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The Embarrassment of Penn Station in Newark

The Embarrassment of Penn Station in Newark

I travel on the Acela (the US high speed train) anywhere between Boston and Washington, DC. First class is equal to airline first class, but with far more room. The rest of the train is all business class. The entire fleet will be changed and improved over the next two years. And while it doesn’t travel as fast as European and Asian high speed trains, the service is FAR superior. (Trust me, I’ve been on them all, and I’m tired of sticking my leg out to stop a food cart being hurried through the aisles by an attendant who dislikes passengers.)

Amtrak carries about two-thirds of all northeast corridor traffic on this and its slower, local trains. That’s more than all the airlines, combined.  There are Acela clubs, and the one in Manhattan is better than 90% of all the airline clubs. However, there is one exception.

Penn Station, in Newark, New Jersey (the eleventh most populous state in the union), the only stop in the state other than a metro park, is a pit, a horrible, stinking (literally), semi-dangerous place. The rest rooms are a horror show. There is no club here! There are armed transit police all over. That’s because there are a lot of people with clear mental health issues roaming around. They curse, relieve themselves in corners and on platforms, scream, and often threaten people. The police do a great job, and are very patient in my observation, even when confronted.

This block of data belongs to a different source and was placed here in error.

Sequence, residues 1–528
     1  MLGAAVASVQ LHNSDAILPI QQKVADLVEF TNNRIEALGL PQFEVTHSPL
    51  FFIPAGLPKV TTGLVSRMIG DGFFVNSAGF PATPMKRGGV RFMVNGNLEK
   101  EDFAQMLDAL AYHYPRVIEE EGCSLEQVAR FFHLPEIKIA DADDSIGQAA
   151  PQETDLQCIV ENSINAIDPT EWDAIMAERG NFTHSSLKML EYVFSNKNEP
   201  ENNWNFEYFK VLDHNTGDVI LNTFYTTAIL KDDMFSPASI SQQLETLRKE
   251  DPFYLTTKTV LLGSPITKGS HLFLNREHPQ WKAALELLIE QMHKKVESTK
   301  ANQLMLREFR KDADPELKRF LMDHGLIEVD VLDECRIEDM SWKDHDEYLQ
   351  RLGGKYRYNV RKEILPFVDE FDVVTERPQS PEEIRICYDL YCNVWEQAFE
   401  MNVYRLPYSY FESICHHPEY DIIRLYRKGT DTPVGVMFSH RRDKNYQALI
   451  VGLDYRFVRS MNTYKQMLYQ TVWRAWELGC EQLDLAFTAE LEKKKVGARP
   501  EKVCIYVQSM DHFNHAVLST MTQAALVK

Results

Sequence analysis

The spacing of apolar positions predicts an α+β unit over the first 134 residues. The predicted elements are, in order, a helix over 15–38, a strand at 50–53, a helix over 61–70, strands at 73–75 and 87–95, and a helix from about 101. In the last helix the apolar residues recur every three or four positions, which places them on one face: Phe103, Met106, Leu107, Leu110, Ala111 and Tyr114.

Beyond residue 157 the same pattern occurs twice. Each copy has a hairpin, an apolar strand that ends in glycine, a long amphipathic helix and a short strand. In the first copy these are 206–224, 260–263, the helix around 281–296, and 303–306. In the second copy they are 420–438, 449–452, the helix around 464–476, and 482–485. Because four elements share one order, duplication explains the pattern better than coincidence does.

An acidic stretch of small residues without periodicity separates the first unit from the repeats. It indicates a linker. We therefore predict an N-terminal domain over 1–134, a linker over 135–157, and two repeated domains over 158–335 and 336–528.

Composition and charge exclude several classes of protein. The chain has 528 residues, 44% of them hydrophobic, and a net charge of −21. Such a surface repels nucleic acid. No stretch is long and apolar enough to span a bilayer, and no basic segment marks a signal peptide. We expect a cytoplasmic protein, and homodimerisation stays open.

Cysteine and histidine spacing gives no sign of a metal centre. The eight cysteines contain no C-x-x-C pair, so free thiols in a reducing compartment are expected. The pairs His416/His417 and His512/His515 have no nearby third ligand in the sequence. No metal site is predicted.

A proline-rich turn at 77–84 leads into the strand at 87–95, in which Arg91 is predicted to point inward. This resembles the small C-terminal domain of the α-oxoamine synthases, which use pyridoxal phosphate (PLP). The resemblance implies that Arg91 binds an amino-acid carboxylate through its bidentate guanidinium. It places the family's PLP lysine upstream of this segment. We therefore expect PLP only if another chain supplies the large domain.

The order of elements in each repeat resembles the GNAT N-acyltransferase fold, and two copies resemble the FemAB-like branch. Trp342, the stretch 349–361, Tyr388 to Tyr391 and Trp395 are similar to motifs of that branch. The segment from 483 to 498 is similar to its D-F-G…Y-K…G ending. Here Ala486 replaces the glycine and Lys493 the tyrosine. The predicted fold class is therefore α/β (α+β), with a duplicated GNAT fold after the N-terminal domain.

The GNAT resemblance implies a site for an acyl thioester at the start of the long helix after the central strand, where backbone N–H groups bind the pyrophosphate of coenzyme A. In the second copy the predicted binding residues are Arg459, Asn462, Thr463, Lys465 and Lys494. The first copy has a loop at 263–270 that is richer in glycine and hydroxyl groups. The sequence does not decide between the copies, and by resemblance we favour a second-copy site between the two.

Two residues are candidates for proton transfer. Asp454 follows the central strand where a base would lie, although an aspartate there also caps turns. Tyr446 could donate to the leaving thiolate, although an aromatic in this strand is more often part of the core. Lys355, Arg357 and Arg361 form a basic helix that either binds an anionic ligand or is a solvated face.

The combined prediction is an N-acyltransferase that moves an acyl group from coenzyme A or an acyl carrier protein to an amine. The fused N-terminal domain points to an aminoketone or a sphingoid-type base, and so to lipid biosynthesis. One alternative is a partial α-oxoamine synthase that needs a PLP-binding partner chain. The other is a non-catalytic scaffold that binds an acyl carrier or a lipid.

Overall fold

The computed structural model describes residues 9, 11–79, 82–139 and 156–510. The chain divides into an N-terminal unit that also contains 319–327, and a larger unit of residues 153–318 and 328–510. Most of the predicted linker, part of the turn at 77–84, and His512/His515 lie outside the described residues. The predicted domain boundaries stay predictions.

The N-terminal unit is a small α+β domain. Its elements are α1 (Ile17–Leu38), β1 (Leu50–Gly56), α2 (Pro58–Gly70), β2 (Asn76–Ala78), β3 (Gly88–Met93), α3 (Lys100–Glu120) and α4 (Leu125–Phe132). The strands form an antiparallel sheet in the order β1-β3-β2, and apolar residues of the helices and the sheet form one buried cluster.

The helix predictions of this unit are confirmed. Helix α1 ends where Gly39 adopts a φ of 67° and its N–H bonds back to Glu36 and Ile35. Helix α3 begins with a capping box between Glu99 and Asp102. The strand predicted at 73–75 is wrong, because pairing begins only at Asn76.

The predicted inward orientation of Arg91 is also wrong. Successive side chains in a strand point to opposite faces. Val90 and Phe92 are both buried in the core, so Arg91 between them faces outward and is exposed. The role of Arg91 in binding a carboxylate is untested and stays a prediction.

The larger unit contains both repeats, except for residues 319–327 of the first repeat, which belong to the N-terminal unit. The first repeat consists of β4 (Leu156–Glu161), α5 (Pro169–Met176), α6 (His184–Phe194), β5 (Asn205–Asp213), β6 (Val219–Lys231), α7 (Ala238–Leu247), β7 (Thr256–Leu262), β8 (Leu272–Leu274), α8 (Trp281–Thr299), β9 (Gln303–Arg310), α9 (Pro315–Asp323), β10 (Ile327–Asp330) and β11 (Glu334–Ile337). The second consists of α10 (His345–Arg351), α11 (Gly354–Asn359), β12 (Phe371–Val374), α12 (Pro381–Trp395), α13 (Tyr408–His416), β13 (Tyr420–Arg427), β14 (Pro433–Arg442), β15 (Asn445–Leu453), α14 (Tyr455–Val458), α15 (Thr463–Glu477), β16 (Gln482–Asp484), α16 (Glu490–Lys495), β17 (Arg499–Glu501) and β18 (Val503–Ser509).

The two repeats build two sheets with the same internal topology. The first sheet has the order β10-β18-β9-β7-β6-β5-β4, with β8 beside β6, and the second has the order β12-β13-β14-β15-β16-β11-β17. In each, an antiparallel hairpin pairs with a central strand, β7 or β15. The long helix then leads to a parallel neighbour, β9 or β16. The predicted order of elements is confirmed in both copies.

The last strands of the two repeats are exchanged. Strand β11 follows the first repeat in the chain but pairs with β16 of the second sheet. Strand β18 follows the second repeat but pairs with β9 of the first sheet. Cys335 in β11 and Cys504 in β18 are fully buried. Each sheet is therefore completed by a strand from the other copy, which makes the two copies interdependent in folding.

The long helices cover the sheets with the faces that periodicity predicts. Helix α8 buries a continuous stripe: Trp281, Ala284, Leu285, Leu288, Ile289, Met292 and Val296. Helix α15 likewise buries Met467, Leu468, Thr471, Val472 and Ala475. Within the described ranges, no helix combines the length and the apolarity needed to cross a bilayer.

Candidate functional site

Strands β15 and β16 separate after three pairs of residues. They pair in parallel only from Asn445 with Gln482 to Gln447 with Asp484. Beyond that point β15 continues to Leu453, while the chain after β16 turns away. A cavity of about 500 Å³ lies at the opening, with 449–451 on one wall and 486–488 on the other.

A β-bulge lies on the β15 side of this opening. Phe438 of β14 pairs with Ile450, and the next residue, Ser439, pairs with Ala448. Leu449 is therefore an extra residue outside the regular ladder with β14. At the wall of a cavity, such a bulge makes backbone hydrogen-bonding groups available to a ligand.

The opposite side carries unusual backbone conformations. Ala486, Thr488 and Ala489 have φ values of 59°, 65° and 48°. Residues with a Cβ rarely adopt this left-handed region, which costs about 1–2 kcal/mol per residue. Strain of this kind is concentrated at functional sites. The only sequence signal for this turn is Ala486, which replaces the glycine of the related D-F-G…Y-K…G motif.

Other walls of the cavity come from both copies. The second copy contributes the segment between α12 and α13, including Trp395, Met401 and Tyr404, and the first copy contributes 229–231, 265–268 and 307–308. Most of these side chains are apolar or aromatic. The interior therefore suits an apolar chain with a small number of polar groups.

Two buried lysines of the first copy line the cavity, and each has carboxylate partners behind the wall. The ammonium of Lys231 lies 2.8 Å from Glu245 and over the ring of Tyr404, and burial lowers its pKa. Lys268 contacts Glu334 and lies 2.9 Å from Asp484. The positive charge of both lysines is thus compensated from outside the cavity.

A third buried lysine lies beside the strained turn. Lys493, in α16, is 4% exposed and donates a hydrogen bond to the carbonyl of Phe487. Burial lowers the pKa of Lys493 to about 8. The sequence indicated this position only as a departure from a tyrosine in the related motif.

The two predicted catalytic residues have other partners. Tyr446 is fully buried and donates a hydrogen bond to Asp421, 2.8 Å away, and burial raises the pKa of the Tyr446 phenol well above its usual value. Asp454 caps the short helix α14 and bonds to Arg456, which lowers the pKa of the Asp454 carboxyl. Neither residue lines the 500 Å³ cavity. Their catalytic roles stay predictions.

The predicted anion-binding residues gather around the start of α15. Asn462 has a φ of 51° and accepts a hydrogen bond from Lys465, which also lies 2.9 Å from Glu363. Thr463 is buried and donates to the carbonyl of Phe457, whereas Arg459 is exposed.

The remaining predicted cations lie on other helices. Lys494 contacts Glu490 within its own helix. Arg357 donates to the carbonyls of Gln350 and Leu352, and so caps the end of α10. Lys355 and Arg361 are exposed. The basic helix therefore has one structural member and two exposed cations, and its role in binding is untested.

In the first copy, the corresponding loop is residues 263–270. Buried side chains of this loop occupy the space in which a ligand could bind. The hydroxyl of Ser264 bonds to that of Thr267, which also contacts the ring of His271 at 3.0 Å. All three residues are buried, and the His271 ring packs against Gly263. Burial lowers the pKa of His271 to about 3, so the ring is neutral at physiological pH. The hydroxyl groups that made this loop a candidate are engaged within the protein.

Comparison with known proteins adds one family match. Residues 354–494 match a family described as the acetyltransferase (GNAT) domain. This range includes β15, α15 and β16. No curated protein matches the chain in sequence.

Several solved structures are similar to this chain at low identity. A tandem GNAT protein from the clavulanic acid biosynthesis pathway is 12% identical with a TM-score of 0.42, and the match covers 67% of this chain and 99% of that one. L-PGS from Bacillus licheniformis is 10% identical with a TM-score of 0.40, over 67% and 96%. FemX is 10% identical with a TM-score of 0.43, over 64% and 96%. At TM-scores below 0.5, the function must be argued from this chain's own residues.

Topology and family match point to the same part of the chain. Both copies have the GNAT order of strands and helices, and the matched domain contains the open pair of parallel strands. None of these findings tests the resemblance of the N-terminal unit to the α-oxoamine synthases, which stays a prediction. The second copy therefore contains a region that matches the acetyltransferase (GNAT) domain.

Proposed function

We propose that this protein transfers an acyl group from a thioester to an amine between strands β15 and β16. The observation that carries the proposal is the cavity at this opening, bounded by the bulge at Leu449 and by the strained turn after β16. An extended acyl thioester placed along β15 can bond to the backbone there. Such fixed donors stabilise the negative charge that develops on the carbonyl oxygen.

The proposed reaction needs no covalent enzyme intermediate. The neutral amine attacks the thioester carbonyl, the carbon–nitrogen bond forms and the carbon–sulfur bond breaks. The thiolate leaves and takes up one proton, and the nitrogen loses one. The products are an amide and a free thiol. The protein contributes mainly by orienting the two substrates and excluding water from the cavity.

But for Newark, Amtrak, and New Jersey, this is a disgusting, embarrassing place. They all ought to be ashamed, and there ought to be an initiative to take care of these poor disturbed individuals, get them some help, clean up the place, and make it safe for people who are commuting or taking longer trips. Who the hell is responsible for tolerating this mess? Even the police dogs who assist seem especially tough and hardened.

Written by

Alan Weiss is a consultant, speaker, and author of over 60 books. His consulting firm, Summit Consulting Group, Inc., has attracted clients from over 500 leading organizations around the world.

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